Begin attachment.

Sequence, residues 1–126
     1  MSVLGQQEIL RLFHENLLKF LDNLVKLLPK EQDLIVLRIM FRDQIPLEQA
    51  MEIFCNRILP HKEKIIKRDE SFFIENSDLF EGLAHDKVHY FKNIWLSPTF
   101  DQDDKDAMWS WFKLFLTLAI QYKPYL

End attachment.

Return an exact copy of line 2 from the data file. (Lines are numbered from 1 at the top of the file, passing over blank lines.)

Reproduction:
     1  MSVLGQQEIL RLFHENLLKF LDNLVKLLPK EQDLIVLRIM FRDQIPLEQA